WT: In what ways, if any, did the 1976 Paris Tasting affect how Chateau Montelena produced its wines?

MC: I’m asked quite frequently if we still use the same ‘recipe’ for our wines as we did in the 1970s. We’re not interested in recreating a specific goal, such as the exact flavor or aroma profile—but instead to better our understanding of the how the vintage can be more purely expressed through the lens of our growing site. So it’s more of an intellectual challenge coupled with process as opposed to a specific, quantifiable end goal. The beautiful piece of this is that, if we do our jobs correctly, you’ll still taste ‘Montelena’ in every vintage, just in different ways.

Chateau Montelena Winery in Calistoga, Napa Valley - Exterior View of the Chateau | Winetraveler.com
Chateau Montelena Winery in Calistoga, Napa Valley – Exterior View of the Chateau. Image courtesy Chateau Montelena.

WT: Our readers ask us frequently about Chateau Montelena. What tasting and tour options do you recommend? What’s popular, trending and what visitation strategies might you recommend to have the best experience and avoid crowds?

MC: It really depends on the type of experience that you’re looking for. We attract a wide variety of visitors so we have a tasting experience for everyone from the collector to the novice. For a more casual visit, we offer walk-in, current release tastings daily. We also have an Estate tour and tasting by appointment where you can learn more about the history of Montelena through a guided walking tour around the property. If you’re looking to dive deeper into the Chateau Montelena portfolio, we suggest booking one of our seated library tastings and explore our ageability through some of the older vintages. Your experience will also vary a bit depending on the time of year you visit. Winter tends to be quieter with fewer visitors and is a more relaxed environment. This is in direct contrast with harvest, which is fast-paced and exciting.

Chateau Montelena Napa Tasting Room Interior
The tasting room at Chateau Montelena. Image courtesy Chateau Montelena.

WT: What can a visitor expect to experience at the Montelena property and its tasting room locations?

MC: Located in Calistoga, the scenic landscape at Montelena offers a glimpse into our fourteen decade history. The stone chateau carved into the hillside and the Chinese gardens of Jade Lake are each a mark on the Estate from its founding residents. Our vineyards encompass 120 acres, extending to the base of Mt Saint Helena and are blessed with all three of Napa Valley’s soil types, providing a rich pallet to create our wines. If you’re unable to make the trip out to Calistoga, we also have a newly remodeled, satellite tasting room in San Francisco tasting room at the Westin St. Francis.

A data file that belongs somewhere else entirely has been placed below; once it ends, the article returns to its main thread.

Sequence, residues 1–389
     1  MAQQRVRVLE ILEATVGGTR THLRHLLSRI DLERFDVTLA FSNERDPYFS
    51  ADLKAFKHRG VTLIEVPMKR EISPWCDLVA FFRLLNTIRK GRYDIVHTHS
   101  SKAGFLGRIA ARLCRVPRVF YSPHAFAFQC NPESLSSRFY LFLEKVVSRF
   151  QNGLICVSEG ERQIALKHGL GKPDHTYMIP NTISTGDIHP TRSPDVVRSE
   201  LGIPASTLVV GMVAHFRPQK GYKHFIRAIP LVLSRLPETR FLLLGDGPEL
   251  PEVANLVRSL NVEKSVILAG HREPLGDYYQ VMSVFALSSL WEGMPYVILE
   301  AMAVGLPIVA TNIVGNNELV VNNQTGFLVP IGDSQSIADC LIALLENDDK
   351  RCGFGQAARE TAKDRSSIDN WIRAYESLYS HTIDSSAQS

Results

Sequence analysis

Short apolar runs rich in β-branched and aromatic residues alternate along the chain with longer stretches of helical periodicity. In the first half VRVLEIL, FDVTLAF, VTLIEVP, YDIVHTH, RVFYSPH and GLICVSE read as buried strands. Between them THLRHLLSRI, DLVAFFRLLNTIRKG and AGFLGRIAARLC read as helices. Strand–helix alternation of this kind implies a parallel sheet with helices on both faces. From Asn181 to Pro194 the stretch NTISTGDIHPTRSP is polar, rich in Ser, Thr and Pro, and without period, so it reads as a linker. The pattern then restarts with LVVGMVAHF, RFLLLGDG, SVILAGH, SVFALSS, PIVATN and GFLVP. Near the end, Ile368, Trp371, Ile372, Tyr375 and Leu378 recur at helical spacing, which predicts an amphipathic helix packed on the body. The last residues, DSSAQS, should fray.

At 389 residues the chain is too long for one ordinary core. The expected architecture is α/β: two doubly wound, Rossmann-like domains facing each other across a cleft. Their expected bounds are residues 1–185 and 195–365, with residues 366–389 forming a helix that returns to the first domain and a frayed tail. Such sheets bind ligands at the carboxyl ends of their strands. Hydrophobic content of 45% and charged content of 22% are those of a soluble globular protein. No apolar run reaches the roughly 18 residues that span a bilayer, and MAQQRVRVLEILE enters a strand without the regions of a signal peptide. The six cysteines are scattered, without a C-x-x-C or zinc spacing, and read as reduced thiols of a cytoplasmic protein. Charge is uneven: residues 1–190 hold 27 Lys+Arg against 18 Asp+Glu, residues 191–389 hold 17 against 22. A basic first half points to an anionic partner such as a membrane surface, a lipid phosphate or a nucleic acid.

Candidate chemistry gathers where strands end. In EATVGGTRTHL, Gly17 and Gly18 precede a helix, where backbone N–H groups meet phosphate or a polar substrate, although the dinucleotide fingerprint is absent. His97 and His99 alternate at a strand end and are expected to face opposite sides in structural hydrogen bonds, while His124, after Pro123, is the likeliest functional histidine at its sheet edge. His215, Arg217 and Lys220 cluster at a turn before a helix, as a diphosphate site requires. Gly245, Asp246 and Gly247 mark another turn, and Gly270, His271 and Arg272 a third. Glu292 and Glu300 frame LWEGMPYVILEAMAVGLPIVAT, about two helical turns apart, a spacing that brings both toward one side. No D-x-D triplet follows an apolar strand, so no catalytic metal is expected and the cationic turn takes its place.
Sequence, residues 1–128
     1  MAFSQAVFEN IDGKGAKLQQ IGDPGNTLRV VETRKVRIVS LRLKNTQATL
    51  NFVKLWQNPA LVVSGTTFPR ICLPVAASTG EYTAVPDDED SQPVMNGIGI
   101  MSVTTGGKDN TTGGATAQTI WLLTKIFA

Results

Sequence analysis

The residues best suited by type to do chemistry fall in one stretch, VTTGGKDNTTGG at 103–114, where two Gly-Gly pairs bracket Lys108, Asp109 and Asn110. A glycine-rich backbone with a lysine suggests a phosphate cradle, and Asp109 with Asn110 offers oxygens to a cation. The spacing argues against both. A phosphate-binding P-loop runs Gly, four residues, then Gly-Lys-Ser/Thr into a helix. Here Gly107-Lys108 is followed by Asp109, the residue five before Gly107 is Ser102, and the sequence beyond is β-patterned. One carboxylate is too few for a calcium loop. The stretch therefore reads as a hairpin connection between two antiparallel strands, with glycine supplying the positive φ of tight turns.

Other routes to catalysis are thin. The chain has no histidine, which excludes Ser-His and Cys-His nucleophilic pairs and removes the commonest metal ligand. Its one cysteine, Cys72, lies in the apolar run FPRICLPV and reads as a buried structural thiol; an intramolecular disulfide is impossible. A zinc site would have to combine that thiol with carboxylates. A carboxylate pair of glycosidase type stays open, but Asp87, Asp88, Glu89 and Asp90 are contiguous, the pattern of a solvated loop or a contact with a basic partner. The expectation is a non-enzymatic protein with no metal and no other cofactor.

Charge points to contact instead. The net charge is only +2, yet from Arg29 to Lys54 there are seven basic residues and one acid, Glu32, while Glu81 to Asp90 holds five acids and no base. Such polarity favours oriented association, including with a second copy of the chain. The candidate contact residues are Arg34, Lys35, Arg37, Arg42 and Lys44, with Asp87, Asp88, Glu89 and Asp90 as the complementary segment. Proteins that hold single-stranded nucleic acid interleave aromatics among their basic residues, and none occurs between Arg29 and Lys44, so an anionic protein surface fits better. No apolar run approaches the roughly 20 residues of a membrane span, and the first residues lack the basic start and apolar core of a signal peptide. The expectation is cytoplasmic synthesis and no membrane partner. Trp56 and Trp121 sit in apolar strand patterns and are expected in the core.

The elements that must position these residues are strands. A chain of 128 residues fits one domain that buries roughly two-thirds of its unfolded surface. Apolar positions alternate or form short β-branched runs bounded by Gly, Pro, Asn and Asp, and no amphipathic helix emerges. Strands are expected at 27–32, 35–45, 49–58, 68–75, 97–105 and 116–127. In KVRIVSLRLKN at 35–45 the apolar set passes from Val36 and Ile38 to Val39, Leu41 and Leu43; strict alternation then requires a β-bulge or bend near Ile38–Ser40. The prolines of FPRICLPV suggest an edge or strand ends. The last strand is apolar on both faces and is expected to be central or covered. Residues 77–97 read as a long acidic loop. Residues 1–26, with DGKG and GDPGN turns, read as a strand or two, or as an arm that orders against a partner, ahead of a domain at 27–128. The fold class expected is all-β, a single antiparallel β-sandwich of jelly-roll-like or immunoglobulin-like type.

Chateau Montelena Jade Lake Chinese Garden Visit | Winetraveler.com
The Chinese Garden at Chateau Montelena in Napa Valley, California. Image courtesy Chateau Montelena.

WT: What is Chateau Montelena doing that differentiates its wines from the competition? Terroir-driven, production practices, etc.

MC: Montelena is unique in that despite our deep history and legacy, we’re one of the most forward looking brands in the valley. We’re all about charging ahead and staying in the lead. One of the things that I’m most proud of is that there’s no formula in any of the wines we make and are given the creative freedom to reinvent the vintages year after year. For us we have two goals: our wines should be made to age with complexity and should also be delicious. When I’m creating our Estate Cabernet, I’m not thinking about what this wine is going to taste like upon release. Rather, I’m considering what this wine is going to look like in 10, 15 or 20 years. That’s our perspective and long game.

WT: Do you have any events on the horizon that our readers should know about?

MC: Harvest is on the horizon, which is really the biggest event of the year for a winemaker. It’s an unbelievable time to visit and experience what makes Chateau Montelena and the Napa Valley so special. There’s nothing else like it in the world.